Photo credit:

Wiyaala to drop new single for Peace and Unity in Africa

Wiyaala press

Wiyaala drops her new single “Africa” on the 29th September. The song was debuted live at “A Night of 1018 Laughs” to a wildly enthusiastic crowd in a performance described by critics as “immense”, “awesome” and “the Angelique Kidjo of our time”.

Following her knock-about antics in the hit songs, “Rock My Body” and “Go Go Black Stars”, Wiyaala turns her attention to more serious issues:

“I was partly inspired to write ‘Africa’ by Sherifa Gunu, who helped me during some difficult times. Like my dear sister, I want to send out a message for peace. Africa is blessed with huge natural and human resources, yet we refuse to live in harmony? I’m not just talking about wars and terrorism, I’m also talking about hatred and jealousy on a personal level where we fight as individuals, bear false witness and create enmity between ourselves.”

“Africa” is the first single to be released from the self-titled album “Wiyaala” due out in November. The song, on which the singer plays the acoustic guitar live, was produced and recorded by Jurgen Von Wechmar at Sunset Recording Studios in Stellenbosch, South Africa. A video for “Africa” is expected soon.


Leave your comments about how giddy with excitement you are about this here. I’ll lead you.

Indian Mom Introduces Herself to Me at the Bus Stop in the Most Epic Way

Our routine for dropping off and picking up our kids at the bus stop is concrete. My husband takes them in the morning, and I pick them up in the afternoon.


There is no finesse, no juggling of schedules, no wringing of hands and fretting about who has to leave work early to get to the stop on time in the morning and the afternoon. Thankfully, getting our children to and from school is one of the most unremarkable aspects of my day…but then, that it because I have never taken the outliers into account.

The bus usually arrives at 3:50. I sit in my car and play on my phone until the children hop into the backseat sometimes laughing, frequently frowning, always screeching. We all have the same routine – the other parents and I – we sit in our individual cars and wait for our kids to scramble off the bus and we drive away without a word to another adult. How was I to know that one of my fellow cultivators of loin fruit might be craving some adult conversation? It seems that was the case on yesterday.

A petite Indian woman, very round in the middle and swathed in a dainty pink head wrap approached my car moments after the bus unloaded our kids. She had a grave look on her face. I geared myself for a scolding on account of something my children had done to hers on the bus. Black and Indian relations in Roswell aren’t exactly what you would term “friendly”. They look down on us, and we treat them with the same ambivalence we accord other races (Mexicans included) who do the same. I took a sharp breath and waited.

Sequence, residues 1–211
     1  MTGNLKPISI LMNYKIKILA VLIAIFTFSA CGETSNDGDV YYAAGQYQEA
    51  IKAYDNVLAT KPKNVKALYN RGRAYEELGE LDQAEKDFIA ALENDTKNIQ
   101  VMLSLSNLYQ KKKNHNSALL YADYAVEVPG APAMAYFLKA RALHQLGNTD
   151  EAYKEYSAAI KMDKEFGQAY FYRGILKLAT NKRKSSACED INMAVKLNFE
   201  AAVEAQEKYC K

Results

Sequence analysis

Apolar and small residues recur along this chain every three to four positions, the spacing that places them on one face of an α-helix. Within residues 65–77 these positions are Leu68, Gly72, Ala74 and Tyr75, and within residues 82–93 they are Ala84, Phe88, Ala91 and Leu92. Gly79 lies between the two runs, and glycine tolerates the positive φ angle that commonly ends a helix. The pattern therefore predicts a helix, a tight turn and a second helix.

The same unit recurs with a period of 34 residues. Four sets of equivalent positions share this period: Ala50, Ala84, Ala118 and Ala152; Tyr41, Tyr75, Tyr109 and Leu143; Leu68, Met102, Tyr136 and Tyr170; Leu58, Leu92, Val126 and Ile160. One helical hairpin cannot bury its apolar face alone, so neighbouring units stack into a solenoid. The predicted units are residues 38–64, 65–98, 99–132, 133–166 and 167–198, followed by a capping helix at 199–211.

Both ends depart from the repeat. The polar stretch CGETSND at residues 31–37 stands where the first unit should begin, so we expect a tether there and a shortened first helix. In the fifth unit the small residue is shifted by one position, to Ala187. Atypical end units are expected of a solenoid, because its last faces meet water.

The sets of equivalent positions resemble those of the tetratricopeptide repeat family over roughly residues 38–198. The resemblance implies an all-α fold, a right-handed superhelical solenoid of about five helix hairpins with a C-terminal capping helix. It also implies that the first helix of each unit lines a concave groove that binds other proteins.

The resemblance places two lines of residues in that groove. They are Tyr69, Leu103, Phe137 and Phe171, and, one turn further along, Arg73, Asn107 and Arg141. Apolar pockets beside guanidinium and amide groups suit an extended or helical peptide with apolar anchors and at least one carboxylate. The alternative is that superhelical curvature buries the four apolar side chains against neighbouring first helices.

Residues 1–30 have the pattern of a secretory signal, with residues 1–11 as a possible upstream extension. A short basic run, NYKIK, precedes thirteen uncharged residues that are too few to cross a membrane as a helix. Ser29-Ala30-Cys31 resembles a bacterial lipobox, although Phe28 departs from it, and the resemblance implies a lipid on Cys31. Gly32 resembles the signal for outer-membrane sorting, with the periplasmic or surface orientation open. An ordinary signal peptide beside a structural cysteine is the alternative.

She smiled.

“Every time I come to the bus stop you are always on your phone,” she said with shy laugh.

Ei. What was she accusing me of? Now I can’t be on my phone?

“Yes,” I replied. “It’s just something to keep me occupied until the kids come…”

Why was I justifying my being on the phone with a complete stranger?

“I wanted to show you something on my phone.” She pulled out her device and thrust it through my window. “See? It’s a boy being attacked by a tiger.”


She nodded her head and smiled a sad smile. “It happened in New Dehli. He was 16 years old.”

Indian Mom went on to explain how the boy was trying to get a closer picture of the tiger at the zoo and fell over the railing into the enclosure. The curious tiger approached him and gently pawed at the terrified boy for a long time without exhibiting any violence. Some of the other zoo visitors tried to get his attention to lure him away from child until some genius decided to throw a rock at it. That’s when the tiger grabbed the boy by the neck, crushed his gullet and killed him.

“That poor baby!” I gasped. “His poor mother!”

“Poor baby,” she echoed solemnly.

Then I started yammering about zoo reconstruction and how they should educate the public and why-oh-why didn’t the crowd just wait for the zoo keepers to come…

Her face had drawn a blank. Obviously, she had no interest in discussing architecture or things that will never be or behaviors that are not likely to change in the short term. This is New Dehli. Hadn’t I heard what she said? I was probably ruining her high.

Her son ran over to my car and yanked on her arm, desperately begging to see the video.

“Ok, ok! I’ll show it to you,” she said with the same exasperated tone I’ve used several times myself.

We smiled at each other and I waved as she walked away without telling me her name. If she had been a less interesting character, I would have been content to keep referring to her as ‘Indian Mom’ and carried on with life…however, I think I have made a new friend. Any woman who introduces herself with a gruesome video of man versus nature has the potential to be a good friend of mine. I can’t wait to get to the bus stop this afternoon to find out her name!

What’s the oddest way you’ve ever made a friend? Did it involve gore? Did it involve ponies? Did you do a Masai dance at their desk when they revealed that they were Kenyan? (That’s how I met and became friends with ‘Nanny McPhee’)Has that friendship endured?